Posts Tagged ‘Programming’

Programming related posts.

Using static variables in Unity3D

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This post explains how to use static variables when programming scripts for the Unity3D engine. The example scripts in this post are written in C#, but the same guidelines apply for JavaScript.

Before delving deeper into the subject, it goes without saying that static variables should be avoided at all costs, for a great number of reasons that can be easily be found on the internet. It’s better to use a Singleton creational pattern in most cases. with that in mind, here’s a short definition of static variables: they are variables that belong to a class, and not the objects the class creates. This means that static variables retain the same value, regardless of the object from a given class. Another characteristic is that, as long as the class is in the memory, they are still valid references. Static variables are initialized by the compiler right before the class creation, and before any other variables or methods. But what does it mean for Unity3D scripts?


Configuring openFrameworks add-ons in Codeblocks

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At some point, when using openFrameworks to create interactive applications, one needs to use some of the bundled add-ons. This post will explain how to configure your Codeblocks project to use these add-ons and how to include the OpenCV add-on to your project. Before continuing, you should know there is an automated tool that helps the programmer in this process, specially designed to easily configure openFrameworks projects and add-ons at Google Code: ofcodeblocksplugin (official forum thread here).

Differently from this tool, this post explains on how to manually include the add-ons to your openFrameworks project. The process described here was done using Codeblocks 10.05 and openFrameworks 0.62 on a computer running Windows.


Unity3D: Creating a GUI with both 3D and 2D elements

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This post explains how to create a GUI on the Unity3D game engine that has both 2D and 3D elements in it. Some may say that is just a matter of setting up a new camera with a dedicated culling mask just to render the 3D elements on the GUI. While this is partially true, adding a 2D image using a script with GUI function calls will cause the 3D image to be covered by the 2D image. That’s why this post will focus on how to set a GUI that has a 3D element with a 2D background.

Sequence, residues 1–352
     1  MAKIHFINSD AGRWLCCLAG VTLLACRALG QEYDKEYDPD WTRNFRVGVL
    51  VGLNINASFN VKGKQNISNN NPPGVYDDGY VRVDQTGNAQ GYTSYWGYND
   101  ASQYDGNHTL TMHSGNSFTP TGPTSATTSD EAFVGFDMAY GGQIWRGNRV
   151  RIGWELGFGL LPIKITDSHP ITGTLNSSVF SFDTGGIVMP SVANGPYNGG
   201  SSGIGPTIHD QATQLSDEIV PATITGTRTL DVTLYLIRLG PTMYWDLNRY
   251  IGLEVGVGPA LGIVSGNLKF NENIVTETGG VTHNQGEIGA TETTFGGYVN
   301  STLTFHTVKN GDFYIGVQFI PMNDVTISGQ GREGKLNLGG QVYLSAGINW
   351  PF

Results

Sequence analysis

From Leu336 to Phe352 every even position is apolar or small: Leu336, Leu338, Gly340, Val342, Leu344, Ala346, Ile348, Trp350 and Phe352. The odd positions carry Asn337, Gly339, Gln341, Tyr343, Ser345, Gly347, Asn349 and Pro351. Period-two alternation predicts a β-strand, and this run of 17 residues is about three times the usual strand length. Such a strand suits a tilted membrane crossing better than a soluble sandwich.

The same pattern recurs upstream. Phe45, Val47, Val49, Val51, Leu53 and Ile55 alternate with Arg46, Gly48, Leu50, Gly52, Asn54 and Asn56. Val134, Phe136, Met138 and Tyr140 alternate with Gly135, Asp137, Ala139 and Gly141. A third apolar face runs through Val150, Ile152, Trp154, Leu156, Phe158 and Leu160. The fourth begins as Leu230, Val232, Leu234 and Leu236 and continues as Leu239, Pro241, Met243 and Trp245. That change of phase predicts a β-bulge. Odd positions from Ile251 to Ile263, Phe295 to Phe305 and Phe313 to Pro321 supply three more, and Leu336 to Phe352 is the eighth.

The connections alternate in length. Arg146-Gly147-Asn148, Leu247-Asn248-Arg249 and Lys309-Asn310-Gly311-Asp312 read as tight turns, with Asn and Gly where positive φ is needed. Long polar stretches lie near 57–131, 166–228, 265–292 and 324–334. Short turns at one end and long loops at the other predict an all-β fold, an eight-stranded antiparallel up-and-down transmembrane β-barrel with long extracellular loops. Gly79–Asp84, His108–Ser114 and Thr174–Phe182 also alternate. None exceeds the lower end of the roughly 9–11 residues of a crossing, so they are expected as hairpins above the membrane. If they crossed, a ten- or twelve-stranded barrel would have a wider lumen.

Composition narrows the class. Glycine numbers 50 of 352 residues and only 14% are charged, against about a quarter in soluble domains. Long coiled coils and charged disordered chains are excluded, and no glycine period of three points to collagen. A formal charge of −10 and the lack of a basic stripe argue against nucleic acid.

As usual, at the end of the post, a Unity3D project is available for download with everything that was explained here.


Game Programming Basics: Creating a FPS counter

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Sometimes, while creating a game, a programmer realizes that he/she needs to make sure if some part of the code is running fast enough, before adding more things that could cause the game to slowdown. To properly measure a game’s performance, there is the need to program a FPS (frames per second) counter. As the name suggests, it will count the number of frames that where rendered at the period of one second.

This is an essential information when creating games, as it will serve as a strong indicator to measure the performance impact of a recently added element to the game.


Unity3D: Programming a machine gun – Part 2

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This is the second and last post of this series that explains how to code a machine gun in Unity3D. The first post explained how to make the automatic firing mechanism, and this one will focus on how to set-up the machine gun, the bullet and explain the code that makes it all work. Also, a Unity3D project with all the source code discussed on the series is available for download at the end of the post.

So, let’s start by setting the machine gun. The 3D model of the gun can be any one, you don’t even have to create a 3D model at all, it is possible to use Unity3D’s cubes and other primitives. The only thing that one must know is that the muzzle of the gun must be a completely separate element. This is crucial when making the gun at an external 3D modeling application such as 3D Studio Max, Blender or XSI. (more…)